He said the department had to cut two sections of world history taught by an adjunct, but mentioned that he did not feel as bad because the professor had a full-time job outside of teaching.
He said compared to other departments, the history department is not all that bad.
“I don’t have any huge complaints as far as history goes, but I am worried about the college, especially the students,” Warder said.
“It’s close you know, we’ve over enrolled to make sure students get what they need,” he added.
He said he has also had to sign many forms to get students into courses that are already full as well. Warder said the department recently hit 100 majors, but with five full-time faculty and now one adjunct going into the fall semester, he said, “If we lose anyone else it would be hard to deliver our program.”
The Environmental Studies, Geography, and Sustainability department chair Dr. Sasha Davis said he did not see many problems regarding students getting into the courses they need or having overfilled classes. However, he said he thinks it’s because they have raised the amount of students enrolled in their courses.
Davis provided the example that a course he taught in the fall 2022 semester had a cap of 30 students, and the cap has now been raised to 70 students. Whether it fills, he is no sure. He said it was done to keep other courses at a lower cap, to maintain the intimacy and to better allow students to learn during hands-on and field work experiences.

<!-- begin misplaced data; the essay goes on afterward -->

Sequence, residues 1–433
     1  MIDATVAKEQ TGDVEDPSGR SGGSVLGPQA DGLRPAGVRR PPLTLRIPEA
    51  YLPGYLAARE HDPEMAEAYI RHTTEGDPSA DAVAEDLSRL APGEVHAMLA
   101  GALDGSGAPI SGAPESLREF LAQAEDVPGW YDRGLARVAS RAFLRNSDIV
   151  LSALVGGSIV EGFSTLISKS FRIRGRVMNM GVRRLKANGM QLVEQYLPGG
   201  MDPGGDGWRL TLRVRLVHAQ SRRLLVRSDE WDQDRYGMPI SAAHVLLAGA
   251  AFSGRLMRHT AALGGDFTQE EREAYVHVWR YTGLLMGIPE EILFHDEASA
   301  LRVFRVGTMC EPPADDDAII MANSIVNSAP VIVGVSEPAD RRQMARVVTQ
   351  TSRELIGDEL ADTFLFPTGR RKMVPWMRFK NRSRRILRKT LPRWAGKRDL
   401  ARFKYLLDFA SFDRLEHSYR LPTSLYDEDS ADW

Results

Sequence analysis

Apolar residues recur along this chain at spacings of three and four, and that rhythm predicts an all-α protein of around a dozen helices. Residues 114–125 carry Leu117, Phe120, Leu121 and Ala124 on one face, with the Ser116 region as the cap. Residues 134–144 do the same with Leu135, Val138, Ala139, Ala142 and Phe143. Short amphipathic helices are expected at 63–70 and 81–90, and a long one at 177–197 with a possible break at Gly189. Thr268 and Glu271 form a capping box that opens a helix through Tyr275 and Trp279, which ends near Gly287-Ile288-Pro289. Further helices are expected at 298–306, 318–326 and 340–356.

He said that campus-wide, they were asked to reduce courses, but asked to keep the same amount of seats. “Overall, I think we are getting people into the classes they need,” Davis said.
The department has a “ballpark” number of 70 majors with currently one full-time faculty and a slew of adjuncts that allow for the department to operate properly. However, he said they were able to hire two more full-time faculty to come in the fall.
If anything, the department has the ability to teach more courses, Davis said.
Provost and Vice President of Academic Affairs James Beeby clarified that the amount of course section reductions would actually account for around 10% campus-wide.
“We noticed that a number of the courses that were being delivered prior to this academic year, many of those classes had low enrollment…and we wanted to have a more manageable schedule, so students could get the classes they need,” Beeby said.
He and others said they raised the question of how the can offer a sustainable amount of courses.
He added that they won’t be cutting courses that students need.
“We have to be intentional about it,” Beeby said. Regarding overenrolled and underenrolled courses, they look to see if they are able to raise those caps to make sure students can get into them, but they also make sure to take into consideration the type of classroom environment and the course that is being offered.
The average course size is relatively low, according to Beeby.
For programs that are expanding in the number of students enrolled, they will of course be given the opportunity to offer what they need to in order to accommodate that, Beeby said.
“It’s a two-way conversation. It’s not one specific approach, it’s a collaborative approach,” Beeby said.
Tim Bruns can be contacted at